Last we saw, The Valley was in chaos. The Dojo wars were raging and there were losses on both sides. Miguel Diaz was sent to the Hospital, Robbie was sent on the run. Tory and Sam were brutally injured in their own right. What was meant to bring badass-ness back to youth had failed at the hands of Johnny Lawrence. Mr. Miyagi’s teachings had fallen on deaf ears with Daniel LaRusso’s students. John Kreese had set the karate world on fire. What would happen when we returned? We waited and waited, and now we have our answer. Season 3 of Cobra Kai was released on Netflix last night, and I for one am already waiting for season 4, because I need more.
After launching on YouTube Red in 2018, the world has been caught up in Cobra Kai. Taking a unique look at The Karate Kid lore, given to us from the Legendary Barney Stinson on How I Met Your Mother, we have watched Johnny Lawrence try to pick up his life and bring Karate back to the Valley. His rivalry with Daniel LaRusso kicked right back up where it had lifted off. After two incredible seasons the series was sold to Netflix where it will live for the foreseeable future. Originally set to return on January 7th, the newest season arrived a week early on New Year’s. The new season brings back all the originals, Ralph Macchio and William Zabka as LaRusso and Johnny respectfully. As well as new series stars, Xolo Maridueña, Jacob Bertrand, Courtney Henggeler, Tanner Buchanan, Mary Mouser and Peyton List are all back.
However the cast lost Nichole Brown who played Aisha Robinson in the first two seasons, which is a blow as she was a very strong character to the show. Her loss is countered by the return of Joe Seo’s Kyler, now joining the ranks of Cobra Kai. While this switch is a blow to the show in the way that Aisha was a well-rounded character, the storyline takes a road that wouldn’t fit well with Aisha. The show’s Executive Producer and co-showrunner Jon Hurwitz has hinted that the character could still return.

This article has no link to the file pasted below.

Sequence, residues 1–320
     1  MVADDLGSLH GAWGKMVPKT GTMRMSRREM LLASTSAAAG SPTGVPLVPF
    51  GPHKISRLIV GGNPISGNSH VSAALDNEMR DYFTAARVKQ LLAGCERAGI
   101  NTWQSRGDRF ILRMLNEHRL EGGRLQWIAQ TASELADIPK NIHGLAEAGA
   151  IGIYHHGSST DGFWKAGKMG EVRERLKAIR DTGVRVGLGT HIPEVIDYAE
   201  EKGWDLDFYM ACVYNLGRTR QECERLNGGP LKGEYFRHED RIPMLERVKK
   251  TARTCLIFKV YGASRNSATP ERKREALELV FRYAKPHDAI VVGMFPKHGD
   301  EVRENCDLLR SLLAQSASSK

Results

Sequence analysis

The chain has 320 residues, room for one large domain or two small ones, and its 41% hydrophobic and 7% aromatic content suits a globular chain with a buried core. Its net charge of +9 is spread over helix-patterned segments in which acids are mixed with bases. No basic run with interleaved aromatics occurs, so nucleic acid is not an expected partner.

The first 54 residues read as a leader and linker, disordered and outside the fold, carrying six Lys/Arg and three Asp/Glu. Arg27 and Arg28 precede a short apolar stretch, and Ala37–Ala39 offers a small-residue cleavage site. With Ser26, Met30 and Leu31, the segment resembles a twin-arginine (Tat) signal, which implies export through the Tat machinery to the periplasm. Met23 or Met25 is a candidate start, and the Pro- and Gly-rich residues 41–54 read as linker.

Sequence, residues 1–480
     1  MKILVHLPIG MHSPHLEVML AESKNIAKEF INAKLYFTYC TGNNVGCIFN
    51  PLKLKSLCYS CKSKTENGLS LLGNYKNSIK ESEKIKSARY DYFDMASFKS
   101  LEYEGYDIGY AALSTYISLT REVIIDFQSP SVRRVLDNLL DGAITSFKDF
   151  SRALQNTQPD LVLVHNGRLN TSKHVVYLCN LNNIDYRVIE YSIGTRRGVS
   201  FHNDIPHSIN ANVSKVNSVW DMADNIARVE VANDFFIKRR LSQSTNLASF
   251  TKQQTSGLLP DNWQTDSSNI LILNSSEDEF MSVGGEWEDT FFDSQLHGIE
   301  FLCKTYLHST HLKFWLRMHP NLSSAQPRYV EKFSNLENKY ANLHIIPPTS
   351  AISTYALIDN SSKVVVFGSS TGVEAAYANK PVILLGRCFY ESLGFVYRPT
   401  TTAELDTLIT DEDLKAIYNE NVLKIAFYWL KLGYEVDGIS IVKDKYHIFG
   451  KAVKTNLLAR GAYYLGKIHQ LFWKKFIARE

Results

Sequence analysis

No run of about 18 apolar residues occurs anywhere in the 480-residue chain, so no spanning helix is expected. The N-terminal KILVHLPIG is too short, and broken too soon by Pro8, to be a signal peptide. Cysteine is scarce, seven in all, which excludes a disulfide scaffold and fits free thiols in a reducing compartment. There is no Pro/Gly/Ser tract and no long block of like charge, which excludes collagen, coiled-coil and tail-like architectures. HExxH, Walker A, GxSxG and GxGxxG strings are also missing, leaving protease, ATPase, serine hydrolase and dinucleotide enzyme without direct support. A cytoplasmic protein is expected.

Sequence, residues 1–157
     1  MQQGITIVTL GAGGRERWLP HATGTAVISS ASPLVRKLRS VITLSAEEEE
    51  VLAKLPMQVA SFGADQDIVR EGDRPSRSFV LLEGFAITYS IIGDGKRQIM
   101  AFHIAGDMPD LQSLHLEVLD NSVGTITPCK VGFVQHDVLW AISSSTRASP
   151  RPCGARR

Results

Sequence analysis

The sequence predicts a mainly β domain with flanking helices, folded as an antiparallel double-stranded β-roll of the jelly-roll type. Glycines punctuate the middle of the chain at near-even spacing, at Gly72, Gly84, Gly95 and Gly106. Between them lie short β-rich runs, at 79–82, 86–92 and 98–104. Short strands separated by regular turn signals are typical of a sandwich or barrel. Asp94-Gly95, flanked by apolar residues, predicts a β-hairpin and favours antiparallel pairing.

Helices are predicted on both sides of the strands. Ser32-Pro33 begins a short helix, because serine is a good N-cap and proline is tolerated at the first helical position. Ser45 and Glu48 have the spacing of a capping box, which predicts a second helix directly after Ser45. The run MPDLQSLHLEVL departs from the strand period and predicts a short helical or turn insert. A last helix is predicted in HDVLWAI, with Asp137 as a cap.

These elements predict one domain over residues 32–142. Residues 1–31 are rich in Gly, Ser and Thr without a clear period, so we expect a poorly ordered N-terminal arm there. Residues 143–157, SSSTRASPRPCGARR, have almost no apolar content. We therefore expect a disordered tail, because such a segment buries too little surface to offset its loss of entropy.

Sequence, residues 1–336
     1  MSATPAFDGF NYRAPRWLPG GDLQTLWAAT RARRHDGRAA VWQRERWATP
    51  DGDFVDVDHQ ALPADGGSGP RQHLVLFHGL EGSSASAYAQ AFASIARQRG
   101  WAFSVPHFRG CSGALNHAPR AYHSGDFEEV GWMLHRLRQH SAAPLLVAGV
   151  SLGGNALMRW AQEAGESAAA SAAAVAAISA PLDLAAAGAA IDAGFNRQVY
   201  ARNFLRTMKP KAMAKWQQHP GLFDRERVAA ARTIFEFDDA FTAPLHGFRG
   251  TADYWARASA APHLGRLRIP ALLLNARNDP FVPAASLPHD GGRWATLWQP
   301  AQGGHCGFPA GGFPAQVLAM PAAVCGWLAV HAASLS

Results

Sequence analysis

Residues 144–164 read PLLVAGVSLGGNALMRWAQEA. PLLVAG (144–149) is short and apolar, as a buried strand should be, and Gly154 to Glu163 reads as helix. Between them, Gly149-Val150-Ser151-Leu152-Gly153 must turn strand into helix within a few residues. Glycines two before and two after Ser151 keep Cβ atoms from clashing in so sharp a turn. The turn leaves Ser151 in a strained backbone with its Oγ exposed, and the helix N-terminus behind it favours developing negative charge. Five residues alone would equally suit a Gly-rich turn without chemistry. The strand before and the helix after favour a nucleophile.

Over all this season does a good job at ramping up the drama, the action, and the story of Cobra Kai without sacrificing much. The season takes you on a ride of twists and turns in the drama department that will have you on the edge of your seat from episode to episode. From Kreese’s maniacal plans to take over Karate in the Valley, to the LaRusso’s issues with their business outside of Karate, to the kids trying to navigate their friendships, their relationships, and everything in between; Cobra Kai keeps the drama flowing. Nothing really goes beyond the realm of disbelief, it stays pretty much within the rules of the world they have built, which I like.
The Action is strong. The Karate seems even more crisp then in seasons before which at times can be hard to believe. There is nothing that really rises to the levels of the school fight from season two, but what they do is very fun and exciting. Biggest step up in Daniel’s Karate. Macchio seems to have taken steps to biome more limber and look more the part of a Karate Master.
Miguel and Johnny’s relationship is still the heart of the show. While they lean into nostalgia even more this season, we are still sitting on the shoulders of Johnny being a mentor to Miguel. When we leave off these two are in bad shape, one mentally, and one physically. They once again have to find a way to work through these complications and build on their relationship. The writers have done a good job at not making this seem repetitive, but fresh and organic in their growth.
Sam goes through quite a bit of character development this season as well. She is tasked with being the leader of Miyagi-Do all though she doesn’t feel up to it. Still dealing with repercussions and trauma of the school brawl from season 2 we follow her as she attempts to get back up, a lesson we have seen on numerous occasions in sports film, but one we never tire of. Cobra Kai does it with such a gentle touch that they are able to make it realistic and exciting all the way through.
They do go deep into the background of John Kreese this season through flashbacks. However, this was an aspect I was not a huge fan of. They work on one level, but for the most part I liked the idea of Kreese just being this bad guy that you don’t understand. I know that would make him a very basic bad guy, but it worked when we didn’t care. While the background and flashbacks make him a much more developed character, and they do a good job of making you actually relate to him and his journey, I still was totally ok with the one not villain.
Over all, Season 3 of Cobra Kai is a strong addition to the Karate Kid franchise. It shifts the tone slightly, but the show needed that tonal shift after the way season 2 ended. It is unpredictable, fun, exciting, and action packed. Characters are developed even more, and stories flow dynamically. It has me excited and ready for the next installment, which probably won’t arrive until probably January of 2022.
Have you seen the third season of Cobra Kai? Let me know, and answer the call in the comments!